Second Cities: Destinations to add onto a trip to Bangkok

Jan 25, 2020

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Welcome to TPG’s Second Cities series, where we help you find amazing places that are only a couple of hours away from your original destination. This is the way to get the most out of your itinerary by visiting places with fewer tourists that deserve your attention.

After you’ve sampled Thailand’s exuberant capital city of Bangkok, there are islands, jungles and mountains or the wondrous temples in neighboring Cambodia to round out your visit to this exotic part of the world. Here are the best side trips to tack on to a trip to Bangkok.

Bangkok's Chinatown. Photo by Gabriel Perez/Getty
Bangkok’s Chinatown. (Photo by Gabriel Perez/Getty.)

Northern Thailand (and maybe Laos,too)

Thailand’s northern regions are different from the hectic pace of bustling Bangkok. Outside the tourist-trodden cities of Chiang Mai or Chiang Rai are places offering off-the-beaten-path adventures: floating along the Mekong River or exploring local villages. The northern part of the country offers a completely different side of Thailand.

Getting there: Fly to Chiang Mai (CNX) on budget carriers like AirAsia, Nok Air or Thai Lion Air or fly Bangkok Airways, which brands itself as a boutique airline and offers extras like onboard complimentary meals and drinks. Thai Airways (part of Star Alliance) also flies between Bangkok and Chiang Mai. You may be able to build this stop into your international itinerary if you’re flying the airline from abroad. Low-cost carriers fly out of Bangkok’s smaller Don Mueang International Airport (DMK), while the full-fare carriers (including Bangkok Airways) fly out of Bangkok’s main Suvarnabhumi Airport (BKK), also known as Bangkok Airport.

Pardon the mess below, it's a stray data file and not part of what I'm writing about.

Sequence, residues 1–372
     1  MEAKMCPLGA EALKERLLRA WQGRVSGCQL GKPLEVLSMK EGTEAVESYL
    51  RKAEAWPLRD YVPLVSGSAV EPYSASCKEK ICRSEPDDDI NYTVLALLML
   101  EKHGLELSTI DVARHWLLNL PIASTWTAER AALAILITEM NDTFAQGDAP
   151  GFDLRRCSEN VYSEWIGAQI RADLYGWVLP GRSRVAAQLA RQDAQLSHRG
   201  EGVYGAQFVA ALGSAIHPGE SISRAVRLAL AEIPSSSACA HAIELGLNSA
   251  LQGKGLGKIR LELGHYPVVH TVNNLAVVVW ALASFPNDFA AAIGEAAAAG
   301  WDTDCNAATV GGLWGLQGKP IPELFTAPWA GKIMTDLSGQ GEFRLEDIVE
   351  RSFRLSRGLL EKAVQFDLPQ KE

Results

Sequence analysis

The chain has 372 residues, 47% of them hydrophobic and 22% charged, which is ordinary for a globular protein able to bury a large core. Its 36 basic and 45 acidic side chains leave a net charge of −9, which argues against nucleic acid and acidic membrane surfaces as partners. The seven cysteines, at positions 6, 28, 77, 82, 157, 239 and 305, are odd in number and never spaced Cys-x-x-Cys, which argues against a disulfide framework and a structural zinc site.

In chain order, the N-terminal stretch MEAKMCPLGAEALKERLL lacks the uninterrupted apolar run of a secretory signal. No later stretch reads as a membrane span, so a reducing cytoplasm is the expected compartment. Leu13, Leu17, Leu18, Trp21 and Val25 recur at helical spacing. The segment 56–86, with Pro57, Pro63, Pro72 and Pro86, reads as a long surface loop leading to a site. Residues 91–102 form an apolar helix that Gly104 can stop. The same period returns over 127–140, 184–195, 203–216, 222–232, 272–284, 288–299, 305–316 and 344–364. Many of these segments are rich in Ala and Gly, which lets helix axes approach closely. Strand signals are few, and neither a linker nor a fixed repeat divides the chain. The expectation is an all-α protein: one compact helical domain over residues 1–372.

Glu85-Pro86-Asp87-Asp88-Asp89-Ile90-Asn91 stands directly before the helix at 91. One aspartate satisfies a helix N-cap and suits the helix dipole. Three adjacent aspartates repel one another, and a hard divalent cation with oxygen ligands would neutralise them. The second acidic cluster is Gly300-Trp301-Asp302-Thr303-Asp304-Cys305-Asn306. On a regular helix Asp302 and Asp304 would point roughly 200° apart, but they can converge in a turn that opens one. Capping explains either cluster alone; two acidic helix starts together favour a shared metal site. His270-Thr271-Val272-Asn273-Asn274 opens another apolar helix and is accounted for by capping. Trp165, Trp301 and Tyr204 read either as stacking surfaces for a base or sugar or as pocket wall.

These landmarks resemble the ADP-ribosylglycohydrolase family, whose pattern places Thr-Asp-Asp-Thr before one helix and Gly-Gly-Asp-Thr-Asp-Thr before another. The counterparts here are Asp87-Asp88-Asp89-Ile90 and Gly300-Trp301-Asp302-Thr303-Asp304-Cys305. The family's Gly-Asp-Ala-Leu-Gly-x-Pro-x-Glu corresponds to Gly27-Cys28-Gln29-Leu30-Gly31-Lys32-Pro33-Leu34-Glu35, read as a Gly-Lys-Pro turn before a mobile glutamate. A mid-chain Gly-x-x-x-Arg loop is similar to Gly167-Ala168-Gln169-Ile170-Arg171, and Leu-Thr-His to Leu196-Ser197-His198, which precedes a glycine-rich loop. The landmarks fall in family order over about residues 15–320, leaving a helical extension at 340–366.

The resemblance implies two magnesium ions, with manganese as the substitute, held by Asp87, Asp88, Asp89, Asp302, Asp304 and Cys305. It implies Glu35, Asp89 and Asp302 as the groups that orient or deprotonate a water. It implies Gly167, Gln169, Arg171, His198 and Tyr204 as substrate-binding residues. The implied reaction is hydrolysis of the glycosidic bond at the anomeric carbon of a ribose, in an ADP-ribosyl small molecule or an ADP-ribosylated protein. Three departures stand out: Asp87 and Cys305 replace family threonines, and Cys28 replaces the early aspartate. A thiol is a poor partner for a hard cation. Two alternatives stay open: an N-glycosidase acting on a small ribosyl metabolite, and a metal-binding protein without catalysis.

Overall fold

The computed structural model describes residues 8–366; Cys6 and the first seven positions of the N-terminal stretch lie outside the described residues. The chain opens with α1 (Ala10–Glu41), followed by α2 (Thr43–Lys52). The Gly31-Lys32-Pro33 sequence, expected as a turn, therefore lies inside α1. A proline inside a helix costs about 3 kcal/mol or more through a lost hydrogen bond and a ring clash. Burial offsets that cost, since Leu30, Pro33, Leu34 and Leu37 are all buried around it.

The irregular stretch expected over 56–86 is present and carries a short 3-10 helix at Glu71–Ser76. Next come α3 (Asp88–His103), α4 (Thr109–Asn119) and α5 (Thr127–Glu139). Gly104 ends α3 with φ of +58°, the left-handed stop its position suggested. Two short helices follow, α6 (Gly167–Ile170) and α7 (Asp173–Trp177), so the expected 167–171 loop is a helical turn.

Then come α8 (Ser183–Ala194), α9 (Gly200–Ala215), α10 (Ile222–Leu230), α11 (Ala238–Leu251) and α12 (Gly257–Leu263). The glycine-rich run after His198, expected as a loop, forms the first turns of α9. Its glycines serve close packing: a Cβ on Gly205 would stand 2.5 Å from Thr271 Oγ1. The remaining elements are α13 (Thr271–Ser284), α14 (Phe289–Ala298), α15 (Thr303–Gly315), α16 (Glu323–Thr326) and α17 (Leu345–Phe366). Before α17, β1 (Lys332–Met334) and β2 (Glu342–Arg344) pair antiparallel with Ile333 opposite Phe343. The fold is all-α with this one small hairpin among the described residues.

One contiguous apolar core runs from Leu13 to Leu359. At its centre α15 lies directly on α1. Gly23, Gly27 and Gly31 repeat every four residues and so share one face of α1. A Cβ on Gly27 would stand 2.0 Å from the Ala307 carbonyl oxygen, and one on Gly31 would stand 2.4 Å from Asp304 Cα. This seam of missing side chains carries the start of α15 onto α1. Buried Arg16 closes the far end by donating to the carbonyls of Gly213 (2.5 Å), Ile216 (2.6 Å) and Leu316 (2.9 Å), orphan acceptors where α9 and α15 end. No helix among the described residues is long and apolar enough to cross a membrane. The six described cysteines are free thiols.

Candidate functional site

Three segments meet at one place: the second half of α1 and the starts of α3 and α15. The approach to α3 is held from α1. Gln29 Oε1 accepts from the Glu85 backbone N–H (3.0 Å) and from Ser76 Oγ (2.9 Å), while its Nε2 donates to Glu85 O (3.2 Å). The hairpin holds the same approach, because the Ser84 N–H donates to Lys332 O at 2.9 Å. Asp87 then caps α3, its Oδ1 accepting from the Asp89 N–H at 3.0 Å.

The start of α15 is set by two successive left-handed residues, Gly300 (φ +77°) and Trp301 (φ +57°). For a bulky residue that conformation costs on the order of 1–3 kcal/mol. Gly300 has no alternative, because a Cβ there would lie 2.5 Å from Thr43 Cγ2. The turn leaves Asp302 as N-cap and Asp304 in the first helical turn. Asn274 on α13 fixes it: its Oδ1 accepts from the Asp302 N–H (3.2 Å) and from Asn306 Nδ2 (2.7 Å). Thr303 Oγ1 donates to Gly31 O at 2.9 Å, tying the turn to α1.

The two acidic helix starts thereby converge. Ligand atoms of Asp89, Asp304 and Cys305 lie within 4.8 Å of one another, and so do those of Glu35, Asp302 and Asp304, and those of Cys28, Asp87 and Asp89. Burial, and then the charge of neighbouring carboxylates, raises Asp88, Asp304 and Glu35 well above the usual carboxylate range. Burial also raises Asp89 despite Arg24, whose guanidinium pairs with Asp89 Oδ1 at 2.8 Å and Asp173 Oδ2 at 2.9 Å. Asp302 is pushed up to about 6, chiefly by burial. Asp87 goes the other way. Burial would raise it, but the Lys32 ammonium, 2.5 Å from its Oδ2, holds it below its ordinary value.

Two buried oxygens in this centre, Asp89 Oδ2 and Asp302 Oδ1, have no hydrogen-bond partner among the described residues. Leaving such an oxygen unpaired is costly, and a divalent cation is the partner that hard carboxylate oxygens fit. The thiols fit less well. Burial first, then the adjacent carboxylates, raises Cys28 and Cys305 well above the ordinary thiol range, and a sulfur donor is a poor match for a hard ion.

Where to stay: For the ultimate in relaxation, stay at the Four Seasons Chiang Mai, slightly outside the city center amid rice paddies and lily ponds. Between the free bicycles, gorgeous infinity pool, daily yoga classes and on-site cooking classes, you may not even want to leave to explore the city. Book through American Express Fine Hotels & Resorts using your Platinum Card® from American Express to enjoy benefits like daily breakfast, early check-in, late checkout, an upgrade (subject to availability) and a $100 spa credit to be used during the stay.

What to do: The most popular towns to visit in northern Thailand are Chiang Mai and Chiang Rai. Chiang Mai is a vibrant city with a busy night market and many temples. Chiang Rai is known for its elaborate white temple, but the black temples are just as interesting, exuding a mysterious, creepy vibe. These cities are excellent spots to try your hand at cooking Thai food with a class.

The White Temple. Photo by Supoj Buranaprapapong / Getty
The White Temple. (Photo by Supoj Buranaprapapong/Getty.)

The town of Pai is worth a visit, if you want to explore some of Thailand’s natural wonders, like Pai Canyon or nearby waterfalls. Evenings are best spent climbing the hilltop Big Buddha at sunset and then sampling street food along the Pai Walking Street. Be careful when tubing on Pai River. Currents can be strong, especially during the rainy season.

The Kuang Si Falls near Luang Prabang, Laos. Photo by GorazdBertalanic/Getty
The Kuang Si Falls near Luang Prabang, Laos. (Photo by GorazdBertalanic/Getty.)

If you want a serene getaway a bit farther away, head up to Chiang Khong, a border town where you can cross over to Huay Xai, Laos. Here, you can hop on a cruise along the Mekong River through green hills, tiny villages and rice paddies until you reach Luang Prabang, stopping to spend the night in the tiny village of Pakbeng. This isn’t your typical cruise — think long, wooden boats and cushioned seats — with not much to do but enjoy the scenery and recharge your creative energies. Once in Luang Prabang, spend time exploring the town’s French colonial history, Asian temples and the famous Kuang Si Falls before flying back to Bangkok (several carriers fly the route).

Siem Reap, Cambodia

Home to the magnificent Angkor Wat temple complex, Siem Reap is just an hour away by plane from Bangkok. A UNESCO World Heritage Site dating back to the 12th century, the crumbling Khmer stone temples rising out of Angkor’s jungle, are simply awe-inspiring — especially at sunrise.

Getting there: An easy, one-hour hop from Bangkok, the best (and most affordable) way to arrive is on a low-cost carrier AirAsia from Don Mueang Airport (DMK) to Siem Reap Airport (REP).